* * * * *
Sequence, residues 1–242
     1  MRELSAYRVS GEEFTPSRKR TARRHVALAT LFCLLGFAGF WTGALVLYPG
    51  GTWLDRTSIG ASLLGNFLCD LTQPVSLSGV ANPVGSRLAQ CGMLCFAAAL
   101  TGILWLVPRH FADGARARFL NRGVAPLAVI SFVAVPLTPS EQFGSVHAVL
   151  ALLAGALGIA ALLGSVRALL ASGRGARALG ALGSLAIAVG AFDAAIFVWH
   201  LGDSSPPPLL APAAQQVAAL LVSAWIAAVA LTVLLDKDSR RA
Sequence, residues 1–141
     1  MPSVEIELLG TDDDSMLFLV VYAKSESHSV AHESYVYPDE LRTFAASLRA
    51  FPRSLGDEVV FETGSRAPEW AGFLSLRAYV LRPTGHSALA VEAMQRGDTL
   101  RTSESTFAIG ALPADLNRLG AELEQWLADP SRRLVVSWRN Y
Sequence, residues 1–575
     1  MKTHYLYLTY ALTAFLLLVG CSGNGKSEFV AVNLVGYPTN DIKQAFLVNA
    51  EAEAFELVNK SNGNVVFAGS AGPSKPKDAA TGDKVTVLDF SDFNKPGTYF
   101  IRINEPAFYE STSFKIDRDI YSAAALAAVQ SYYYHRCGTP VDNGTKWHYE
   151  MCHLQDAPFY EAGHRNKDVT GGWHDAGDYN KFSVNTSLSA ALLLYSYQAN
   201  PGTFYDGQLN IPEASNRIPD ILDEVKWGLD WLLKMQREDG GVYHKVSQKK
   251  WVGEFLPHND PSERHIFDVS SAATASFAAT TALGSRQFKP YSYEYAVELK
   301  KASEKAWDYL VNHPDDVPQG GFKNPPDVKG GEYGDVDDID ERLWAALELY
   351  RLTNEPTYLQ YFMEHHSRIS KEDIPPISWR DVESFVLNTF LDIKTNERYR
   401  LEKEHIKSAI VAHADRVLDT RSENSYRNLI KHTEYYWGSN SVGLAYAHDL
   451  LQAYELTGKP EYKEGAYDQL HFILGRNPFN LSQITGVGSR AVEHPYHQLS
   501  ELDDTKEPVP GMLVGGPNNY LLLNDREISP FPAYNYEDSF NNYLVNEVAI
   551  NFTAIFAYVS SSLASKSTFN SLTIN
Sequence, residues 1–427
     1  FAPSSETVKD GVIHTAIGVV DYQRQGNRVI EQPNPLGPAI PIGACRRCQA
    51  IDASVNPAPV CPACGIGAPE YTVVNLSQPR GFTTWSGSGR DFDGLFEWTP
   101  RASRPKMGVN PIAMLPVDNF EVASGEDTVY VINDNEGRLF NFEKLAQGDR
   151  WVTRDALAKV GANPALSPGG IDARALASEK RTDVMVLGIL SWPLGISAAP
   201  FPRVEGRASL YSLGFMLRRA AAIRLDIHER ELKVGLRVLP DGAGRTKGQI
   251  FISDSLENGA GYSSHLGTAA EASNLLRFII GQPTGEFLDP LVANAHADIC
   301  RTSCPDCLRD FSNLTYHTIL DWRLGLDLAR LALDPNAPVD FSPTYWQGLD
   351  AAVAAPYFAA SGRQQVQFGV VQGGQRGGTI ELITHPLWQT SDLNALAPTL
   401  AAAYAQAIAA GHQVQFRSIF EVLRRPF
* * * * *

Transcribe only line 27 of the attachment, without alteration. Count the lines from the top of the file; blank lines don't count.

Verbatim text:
   101  RASRPKMGVN PIAMLPVDNF EVASGEDTVY VINDNEGRLF NFEKLAQGDR